This October, 17-year-old Megan McBryde was sitting in pre-calculus when she was told to go to Principal Don Macrino’s office. Despite the fact she was sick with no voice, had been anxious all week and was just sent to the principal’s office, she couldn’t have been more excited.
She opened the door to Macrino’s office, and inside was a group of dignitaries that interviewed her the month before and a man holding a camera, taping her every move. It was at that moment she realized she was going to be awarded the $20,000 Martin Luther King, Jr. Scholarship, following in the footsteps of her older sister.
“Oh my God, this was it,” McBryde said, recounting what she was feeling as she knew the scholarship was hers. “I was so happy.”
McBryde’s sister Kaitlyn McBryde was awarded the scholarship in 2007, and Megan was never happy about ceding the spotlight to her sister. Her mother told her if she worked hard, she would have her own moment, and this October it came.
“This was my moment,” Megan McBryde said. “Everything is starting to fall in place for me.”
About the Girl
McBryde is a senior at Waterford High School, and grew up through the Waterford school system. One of her first teachers, first grade teacher Amie Guarraia, left the biggest impression on her, and inspired her to want to become a teacher herself.
“Ever since first grade, I knew I wanted to be a teacher,” McBryde said. “Because of my first grade teacher (Guarraia), I absolutely loved her.”
McBryde said she would play teacher at home as young girl, and now volunteers her time at The Friendship School and the Waterford elementary schools. She wants to attend either the University of Connecticut or Ruters University next fall and study elementary education.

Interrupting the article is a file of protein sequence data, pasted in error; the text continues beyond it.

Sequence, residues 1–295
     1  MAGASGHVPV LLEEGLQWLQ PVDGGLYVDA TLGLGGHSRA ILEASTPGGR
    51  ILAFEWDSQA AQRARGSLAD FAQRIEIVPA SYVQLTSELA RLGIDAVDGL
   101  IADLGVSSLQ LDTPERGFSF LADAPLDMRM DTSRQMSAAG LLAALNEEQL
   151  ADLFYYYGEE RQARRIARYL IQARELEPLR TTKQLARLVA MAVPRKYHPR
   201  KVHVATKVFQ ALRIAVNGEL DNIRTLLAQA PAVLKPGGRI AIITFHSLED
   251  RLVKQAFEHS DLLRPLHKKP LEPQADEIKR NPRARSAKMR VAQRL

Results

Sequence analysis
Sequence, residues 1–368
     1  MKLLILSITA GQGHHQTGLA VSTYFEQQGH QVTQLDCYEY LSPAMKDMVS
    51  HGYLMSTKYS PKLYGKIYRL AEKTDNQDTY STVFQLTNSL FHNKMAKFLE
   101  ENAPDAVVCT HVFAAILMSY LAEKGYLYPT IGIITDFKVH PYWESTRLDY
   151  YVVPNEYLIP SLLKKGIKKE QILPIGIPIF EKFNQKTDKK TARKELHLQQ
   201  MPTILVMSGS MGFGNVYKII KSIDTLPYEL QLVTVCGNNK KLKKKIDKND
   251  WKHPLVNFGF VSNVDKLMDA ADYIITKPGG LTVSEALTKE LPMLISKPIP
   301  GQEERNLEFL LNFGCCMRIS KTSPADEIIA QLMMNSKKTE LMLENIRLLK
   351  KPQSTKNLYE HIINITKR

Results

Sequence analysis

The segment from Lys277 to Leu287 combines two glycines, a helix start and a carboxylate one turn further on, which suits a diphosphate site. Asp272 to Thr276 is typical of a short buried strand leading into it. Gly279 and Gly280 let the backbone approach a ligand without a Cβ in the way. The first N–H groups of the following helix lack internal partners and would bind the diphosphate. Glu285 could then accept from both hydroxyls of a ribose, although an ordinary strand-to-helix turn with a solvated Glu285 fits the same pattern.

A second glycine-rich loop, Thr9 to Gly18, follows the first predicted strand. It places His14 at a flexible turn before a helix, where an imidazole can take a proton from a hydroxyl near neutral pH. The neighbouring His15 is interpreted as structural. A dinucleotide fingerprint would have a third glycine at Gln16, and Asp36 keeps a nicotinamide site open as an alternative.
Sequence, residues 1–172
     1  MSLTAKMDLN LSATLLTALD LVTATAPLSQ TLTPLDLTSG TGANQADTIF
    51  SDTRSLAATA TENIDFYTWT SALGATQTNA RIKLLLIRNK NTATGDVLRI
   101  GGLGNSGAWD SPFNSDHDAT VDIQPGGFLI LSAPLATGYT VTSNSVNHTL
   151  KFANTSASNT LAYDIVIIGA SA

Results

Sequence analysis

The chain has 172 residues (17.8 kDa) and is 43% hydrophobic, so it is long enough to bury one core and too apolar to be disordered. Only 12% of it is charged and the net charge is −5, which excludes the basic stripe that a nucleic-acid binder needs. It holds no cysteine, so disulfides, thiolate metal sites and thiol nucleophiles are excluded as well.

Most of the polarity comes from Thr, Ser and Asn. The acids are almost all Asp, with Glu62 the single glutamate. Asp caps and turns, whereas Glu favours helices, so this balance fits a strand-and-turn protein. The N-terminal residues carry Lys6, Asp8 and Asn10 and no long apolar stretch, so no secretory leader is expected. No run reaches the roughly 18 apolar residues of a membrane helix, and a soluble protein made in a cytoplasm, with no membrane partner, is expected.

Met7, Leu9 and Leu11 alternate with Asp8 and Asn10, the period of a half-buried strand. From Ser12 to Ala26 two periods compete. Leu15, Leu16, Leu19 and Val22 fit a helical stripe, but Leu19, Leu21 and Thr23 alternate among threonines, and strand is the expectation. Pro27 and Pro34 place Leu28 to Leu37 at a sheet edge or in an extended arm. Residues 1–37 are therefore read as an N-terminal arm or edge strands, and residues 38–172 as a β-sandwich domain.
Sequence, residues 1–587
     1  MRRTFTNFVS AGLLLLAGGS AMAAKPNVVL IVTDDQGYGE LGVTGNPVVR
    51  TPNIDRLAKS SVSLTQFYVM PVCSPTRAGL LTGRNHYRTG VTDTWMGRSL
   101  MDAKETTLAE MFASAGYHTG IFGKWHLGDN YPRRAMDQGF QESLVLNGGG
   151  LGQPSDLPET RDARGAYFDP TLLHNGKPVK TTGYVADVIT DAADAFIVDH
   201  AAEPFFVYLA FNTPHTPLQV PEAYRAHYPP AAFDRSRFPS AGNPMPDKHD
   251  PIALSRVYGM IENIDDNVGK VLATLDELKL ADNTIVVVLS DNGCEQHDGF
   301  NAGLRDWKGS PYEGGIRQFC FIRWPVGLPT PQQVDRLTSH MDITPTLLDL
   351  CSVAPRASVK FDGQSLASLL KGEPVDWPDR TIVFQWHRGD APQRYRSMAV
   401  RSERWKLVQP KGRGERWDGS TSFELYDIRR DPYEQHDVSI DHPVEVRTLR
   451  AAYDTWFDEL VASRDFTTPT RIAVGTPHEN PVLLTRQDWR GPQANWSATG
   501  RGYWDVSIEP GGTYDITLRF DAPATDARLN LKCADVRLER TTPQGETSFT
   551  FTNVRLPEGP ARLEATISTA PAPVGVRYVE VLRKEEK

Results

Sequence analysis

“Megan’s always wanted to be a teacher,” mother Kathleen McBryde said. “Always. And I think if it is in you, it is just in you.”
Megan McBryde, who is the daughter of a pastor, is also a standout student, a member of the Waterford dance team and is involved in the student government. But it isn’t just brains behind Megan’s GPA, Kathleen McBryde said, but hard work.
“She works hard at what she gets,” Kathleen McBryde said. “She’ll sit and do homework for hours and hours. She’s not one of those kids who has a photographic memory or anything, she has to study. And if she needs help after school, she gets it.”
About the Scholarship
The Martin Luther King, Jr. Scholarship was started by Eunice and William Waller after King’s death in 1968 with a $100 donation. It has since expanded and is now funded by a variety of sources, with McBryde’s $20,000 scholarship being funded by the Kitchings Family Foundation.
Megan and Kaitlyn McBryde are most likely the first pair of Waterford sisters to both win the scholarship, which is given out in several towns including Waterford each year. Megan McBryde says she feels pressure to be successful after receiving the scholarship, but is hopeful she can be.
“It will be a challenge,” she said. “But I think I can do it if I just stay focused.”